Forty percent of 18- to 22-year-olds gambled monthly in 2007, according to the Annenberg Public Policy Center in Pennsylvania. That percentage actually represents a decline from 2006, thanks in part to a federal law that curtailed Internet gambling. Still, last year, about 5 percent gambled weekly and had problems such as spending more money than they planned.
The numbers could rise again as people find ways around restrictions to gambling online, experts say. Historically, new waves of gambling have met societal pushback, but "the pushback never took [participation] back to where it was prewave," says Mr. McClellan, editor of "Gambling on Campus," a collection of articles.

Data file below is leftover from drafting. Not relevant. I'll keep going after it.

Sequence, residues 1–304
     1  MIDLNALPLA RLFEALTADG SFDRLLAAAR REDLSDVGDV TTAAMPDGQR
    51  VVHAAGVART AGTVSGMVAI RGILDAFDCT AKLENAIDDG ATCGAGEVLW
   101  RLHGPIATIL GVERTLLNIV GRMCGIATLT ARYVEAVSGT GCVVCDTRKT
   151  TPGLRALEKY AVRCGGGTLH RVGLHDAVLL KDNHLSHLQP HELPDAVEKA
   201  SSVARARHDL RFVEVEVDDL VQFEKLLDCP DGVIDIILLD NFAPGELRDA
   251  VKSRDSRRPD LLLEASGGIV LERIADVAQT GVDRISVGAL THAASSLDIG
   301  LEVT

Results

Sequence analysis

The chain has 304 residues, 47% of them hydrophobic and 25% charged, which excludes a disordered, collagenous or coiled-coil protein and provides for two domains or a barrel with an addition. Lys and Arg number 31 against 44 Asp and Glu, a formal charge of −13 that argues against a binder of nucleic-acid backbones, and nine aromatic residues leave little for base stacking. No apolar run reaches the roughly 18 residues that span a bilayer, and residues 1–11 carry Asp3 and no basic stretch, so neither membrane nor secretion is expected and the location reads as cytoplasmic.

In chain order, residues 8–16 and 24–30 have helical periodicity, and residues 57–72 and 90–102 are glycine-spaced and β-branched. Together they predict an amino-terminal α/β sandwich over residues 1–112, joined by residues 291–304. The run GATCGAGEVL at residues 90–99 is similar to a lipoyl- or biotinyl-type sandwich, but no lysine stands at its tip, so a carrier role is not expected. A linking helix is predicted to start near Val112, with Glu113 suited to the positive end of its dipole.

McClellan has seen the "devastating" consequences firsthand. "I had a student who came to me for protection because others were threatening him around money he owed," he says. Others stole from roommates, student groups, and even academic departments.
Shannon Shorr remembers seeing e-mails about the dangers of gambling as a freshman at the University of Alabama, Birmingham, in 2003, but he wanted in on the poker boom. He started "$5 house games" with friends and quickly moved into Internet poker.